Spanish law raises concerns of EU-level ‘Google Tax’

Campaign against Spain's canon AEDE law: "Linking is not a crime" [Miguel Angel Aranda (Viper)/Flickr]

Campaign against Spain's canon AEDE law: "Linking is not a crime" [Miguel Angel Aranda (Viper)/Flickr]

Spanish newspaper publishers could soon demand fees from news aggregators like Google News for posting links to their articles. The law is the latest in a series of similar initiatives by national legislators, leaving EU stakeholders wondering if the Commission will follow suit with EU law.

The new law, called canon AEDE, was approved in the Spanish parliament’s congress last week, and allows publishers to seek remuneration from news aggregators for linking to their content. The law is said to target websites including Google News or increasingly successful platforms like Reddit or Digg, who provide users with an overview of links to popular media sources.

The websites could be forced by publishers to pay a fee for “listing a link and a meaningful description” of an article, the law states. The impact that the law will is unclear at this time and lawmakers have argued it will not apply to users of social network sites like Facebook or Twitter. But publishers could potentially set up compulsory licenses for anyone sharing content that exceeds a mere hyperlink, other have argued.

Spanish media have dubbed the law a “Google Tax”, in reference to a number of other measures introduced in European countries that target the American giant’s position on the online market. Officially, the fee remunerates a publishers’ “neighbouring rights” on copyright and does not qualify as a tax.

While the law has passed through the Spanish congress, it still needs to be ratified by the senate. The vote is likely to be held in September.

EU action or not?

The law bears a resemblance to a similar law, passed in Germany in 2013. In Belgium, a court in 2011 ruled that Google infringed the copyright of Belgian newspapers on its news services, but Google settled the case in 2012.

The most recent initiatives by lawmakers leave EU stakeholders wondering about the implications this could have at the European level.

Ted Shapiro, copyright lawyer at the Brussels-based law firm Wiggin, said, “There is no EU level legislation on related rights for publishers. But if you have a number of developments on legislation in a similar area, the commission could take an interest.”

In March, the European Commission closed a public consultation on the review of EU copyright rules. The consultation triggered 9,500 replies and some 11,000 messages, the Commission said. But Shapiro poined out, “remuneration by news aggregators was not covered in the recent consultation”.

Ryan Heath, spokesman for Digital Commissioner Neelie Kroes told EURACTIV that “this is not on the agenda for the current Commission. It is something the new commissioners will have to decide”.

Angela Mills Wade, executive director of the European Publishers Council, said that, after Germany and Spain, more countries “could follow, perhaps Italy.” If lots of countries introduce such laws, the commission could look into harmonising the national legal systems in this area of copyright, she argued.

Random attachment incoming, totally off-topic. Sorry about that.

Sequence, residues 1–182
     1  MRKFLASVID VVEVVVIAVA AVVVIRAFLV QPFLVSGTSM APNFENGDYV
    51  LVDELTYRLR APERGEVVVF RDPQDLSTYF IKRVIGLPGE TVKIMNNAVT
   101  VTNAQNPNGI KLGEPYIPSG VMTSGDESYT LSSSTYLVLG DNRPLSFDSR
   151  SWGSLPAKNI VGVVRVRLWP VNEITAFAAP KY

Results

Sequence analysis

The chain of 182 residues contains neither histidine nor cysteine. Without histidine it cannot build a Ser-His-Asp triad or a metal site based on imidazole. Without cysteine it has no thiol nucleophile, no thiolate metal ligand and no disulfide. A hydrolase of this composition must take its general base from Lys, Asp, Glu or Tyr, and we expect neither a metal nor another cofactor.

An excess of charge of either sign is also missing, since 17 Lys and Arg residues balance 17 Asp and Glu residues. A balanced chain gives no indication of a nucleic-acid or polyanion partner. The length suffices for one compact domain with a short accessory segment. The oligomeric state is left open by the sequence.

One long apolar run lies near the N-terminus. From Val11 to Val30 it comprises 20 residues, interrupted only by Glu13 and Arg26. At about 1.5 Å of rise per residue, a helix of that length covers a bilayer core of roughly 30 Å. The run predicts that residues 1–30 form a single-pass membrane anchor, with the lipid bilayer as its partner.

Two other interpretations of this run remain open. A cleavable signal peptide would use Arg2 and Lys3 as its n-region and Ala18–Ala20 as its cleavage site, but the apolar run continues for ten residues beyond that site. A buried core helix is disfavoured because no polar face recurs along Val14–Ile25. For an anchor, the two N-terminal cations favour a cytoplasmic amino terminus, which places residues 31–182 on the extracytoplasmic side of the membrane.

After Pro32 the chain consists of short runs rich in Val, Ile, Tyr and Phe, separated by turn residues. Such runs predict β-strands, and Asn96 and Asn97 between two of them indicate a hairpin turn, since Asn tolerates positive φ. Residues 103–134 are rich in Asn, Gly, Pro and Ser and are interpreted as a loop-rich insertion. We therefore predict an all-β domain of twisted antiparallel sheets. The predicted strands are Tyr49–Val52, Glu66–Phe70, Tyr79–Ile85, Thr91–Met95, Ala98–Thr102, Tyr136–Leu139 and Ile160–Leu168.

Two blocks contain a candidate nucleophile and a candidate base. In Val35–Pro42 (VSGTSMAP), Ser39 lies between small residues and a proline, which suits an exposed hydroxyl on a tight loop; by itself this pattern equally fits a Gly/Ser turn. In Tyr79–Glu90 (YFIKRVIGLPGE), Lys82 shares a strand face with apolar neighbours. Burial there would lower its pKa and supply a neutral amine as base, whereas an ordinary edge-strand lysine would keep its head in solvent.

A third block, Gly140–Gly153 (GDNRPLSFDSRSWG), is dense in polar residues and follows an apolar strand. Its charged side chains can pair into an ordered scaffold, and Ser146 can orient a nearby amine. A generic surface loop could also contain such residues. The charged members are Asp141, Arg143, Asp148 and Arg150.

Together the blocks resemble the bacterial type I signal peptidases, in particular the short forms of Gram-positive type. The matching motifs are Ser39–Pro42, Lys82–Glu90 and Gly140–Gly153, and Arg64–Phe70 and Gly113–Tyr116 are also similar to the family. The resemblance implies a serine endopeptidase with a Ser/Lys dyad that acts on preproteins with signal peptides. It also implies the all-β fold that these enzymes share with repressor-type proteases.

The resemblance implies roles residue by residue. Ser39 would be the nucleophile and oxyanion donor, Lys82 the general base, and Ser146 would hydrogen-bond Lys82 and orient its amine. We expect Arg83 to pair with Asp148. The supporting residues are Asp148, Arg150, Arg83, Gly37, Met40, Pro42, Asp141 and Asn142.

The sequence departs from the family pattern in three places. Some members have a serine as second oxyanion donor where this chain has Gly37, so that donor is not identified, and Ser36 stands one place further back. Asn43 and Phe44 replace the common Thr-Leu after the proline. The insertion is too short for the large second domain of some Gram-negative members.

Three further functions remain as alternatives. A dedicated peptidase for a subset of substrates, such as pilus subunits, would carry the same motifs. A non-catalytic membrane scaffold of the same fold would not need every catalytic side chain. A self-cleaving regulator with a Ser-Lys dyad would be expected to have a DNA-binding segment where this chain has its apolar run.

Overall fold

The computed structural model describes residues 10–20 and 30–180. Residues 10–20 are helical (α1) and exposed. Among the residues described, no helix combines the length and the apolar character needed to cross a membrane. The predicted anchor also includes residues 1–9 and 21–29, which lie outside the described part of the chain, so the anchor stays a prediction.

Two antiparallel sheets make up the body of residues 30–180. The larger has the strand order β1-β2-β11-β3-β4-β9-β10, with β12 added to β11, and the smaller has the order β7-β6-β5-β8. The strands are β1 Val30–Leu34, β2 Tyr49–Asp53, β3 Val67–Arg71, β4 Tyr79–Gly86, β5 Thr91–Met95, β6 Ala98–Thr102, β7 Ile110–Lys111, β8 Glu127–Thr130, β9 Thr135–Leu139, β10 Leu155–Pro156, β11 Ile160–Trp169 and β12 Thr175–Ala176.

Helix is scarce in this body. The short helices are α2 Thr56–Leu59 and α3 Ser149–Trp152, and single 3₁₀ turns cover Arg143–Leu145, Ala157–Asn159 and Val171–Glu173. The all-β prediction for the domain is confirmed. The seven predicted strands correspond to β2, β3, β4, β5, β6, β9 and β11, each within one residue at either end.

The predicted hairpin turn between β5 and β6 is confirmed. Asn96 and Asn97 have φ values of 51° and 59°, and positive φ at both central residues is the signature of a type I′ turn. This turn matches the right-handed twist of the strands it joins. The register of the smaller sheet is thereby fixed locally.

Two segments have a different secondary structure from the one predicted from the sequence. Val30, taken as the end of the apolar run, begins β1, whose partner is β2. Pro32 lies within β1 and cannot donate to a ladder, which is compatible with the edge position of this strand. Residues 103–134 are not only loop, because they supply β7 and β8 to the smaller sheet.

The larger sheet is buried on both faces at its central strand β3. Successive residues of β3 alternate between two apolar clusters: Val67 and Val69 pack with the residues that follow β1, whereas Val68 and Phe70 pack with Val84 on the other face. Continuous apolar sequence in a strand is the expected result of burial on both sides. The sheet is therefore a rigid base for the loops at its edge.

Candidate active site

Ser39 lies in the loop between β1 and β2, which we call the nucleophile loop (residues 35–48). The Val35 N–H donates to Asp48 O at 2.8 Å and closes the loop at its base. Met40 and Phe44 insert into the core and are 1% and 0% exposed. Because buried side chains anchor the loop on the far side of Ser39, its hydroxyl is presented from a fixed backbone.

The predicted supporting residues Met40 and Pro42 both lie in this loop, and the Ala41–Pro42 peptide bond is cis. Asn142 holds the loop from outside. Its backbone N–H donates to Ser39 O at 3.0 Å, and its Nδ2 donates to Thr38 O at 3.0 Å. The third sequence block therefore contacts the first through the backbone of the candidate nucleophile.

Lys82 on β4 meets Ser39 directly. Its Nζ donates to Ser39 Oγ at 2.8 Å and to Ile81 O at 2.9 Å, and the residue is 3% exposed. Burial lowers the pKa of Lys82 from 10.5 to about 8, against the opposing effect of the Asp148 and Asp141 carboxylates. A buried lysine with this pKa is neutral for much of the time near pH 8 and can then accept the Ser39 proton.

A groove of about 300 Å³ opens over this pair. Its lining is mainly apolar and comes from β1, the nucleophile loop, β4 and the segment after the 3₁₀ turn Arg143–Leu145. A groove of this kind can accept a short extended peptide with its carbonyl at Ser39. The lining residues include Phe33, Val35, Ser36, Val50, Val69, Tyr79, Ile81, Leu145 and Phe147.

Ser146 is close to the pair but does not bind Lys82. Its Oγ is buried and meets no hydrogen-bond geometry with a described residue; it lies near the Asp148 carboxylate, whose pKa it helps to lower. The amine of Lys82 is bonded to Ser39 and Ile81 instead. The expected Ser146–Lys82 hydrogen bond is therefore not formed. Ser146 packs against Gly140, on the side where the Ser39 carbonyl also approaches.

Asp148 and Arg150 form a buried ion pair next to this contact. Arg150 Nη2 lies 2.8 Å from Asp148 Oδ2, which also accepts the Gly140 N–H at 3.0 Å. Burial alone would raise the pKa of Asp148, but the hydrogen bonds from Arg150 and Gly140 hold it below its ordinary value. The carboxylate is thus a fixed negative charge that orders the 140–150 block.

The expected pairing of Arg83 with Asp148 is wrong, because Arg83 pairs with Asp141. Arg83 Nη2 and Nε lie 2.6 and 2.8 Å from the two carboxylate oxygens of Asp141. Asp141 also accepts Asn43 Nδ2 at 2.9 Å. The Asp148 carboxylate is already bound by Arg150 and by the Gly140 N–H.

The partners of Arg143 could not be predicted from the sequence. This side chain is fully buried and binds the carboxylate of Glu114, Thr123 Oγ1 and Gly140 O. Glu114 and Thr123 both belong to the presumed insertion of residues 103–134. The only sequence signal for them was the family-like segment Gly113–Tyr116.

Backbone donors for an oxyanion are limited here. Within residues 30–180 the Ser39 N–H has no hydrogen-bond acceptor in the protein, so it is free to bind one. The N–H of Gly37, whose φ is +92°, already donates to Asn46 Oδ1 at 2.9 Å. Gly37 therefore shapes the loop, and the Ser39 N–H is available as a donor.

If the laws are deemed to have a negative impact on the functioning of the internal market, this too could provide a reason for EU action.

Publishers criticised for hypocrisy

The Spanish law has drawn criticism from a wide group of new media advocates, online news organisations and others. The Commission, too, told EURACTIV it is “disappointed by the law, as we are by the previously adopted German law.”

Heath said,  “[Canon AEDE] does not take into account the full value [news aggregators] offer to all parties in their business model. And it is done to provide a rent to other, older business models. It is not a forward-looking law.”

Critics of the new laws have also stipulated that the news aggregator services are huge drivers for traffic to publishers’ websites. The website Techdirt called the newspapers’ action a “vast hypocrisy”. Remuneration fees could push news aggregator websites away from the markets of European countries which introduce similar laws, the law’s opponents warned.

“I would be surprised if such a law led to commercial operators from withdrawing from a market,” Mills Wade said.

“These are relatively recent developments,” according to Shapiro, “and last time I checked, news aggregators seemed to be doing okay.”

Several EU member states have taken legislative initiatives targeting online news aggregators, and boosting the remuneration rights of individual or collective publishers' societies, for online sharing and linking to content under intellectual property. The laws are intended to support fair remuneration for the production of original media content, but critics say they harm online entrepreneurship and innovation.

The Commission held a public consultation for the review of its copyright rules, from December 2013 to March 2014, and aims to revise its legislation on copyright in the course of 2015. The revision is said to modernise the EU copyright legislative framework, while facilitating practical industry-led solutions. The so-called "neighbouring rights" on publisher copyright, discussed above, are not included in the revision.

  • 2015: Planned revision of the EU copyright rules

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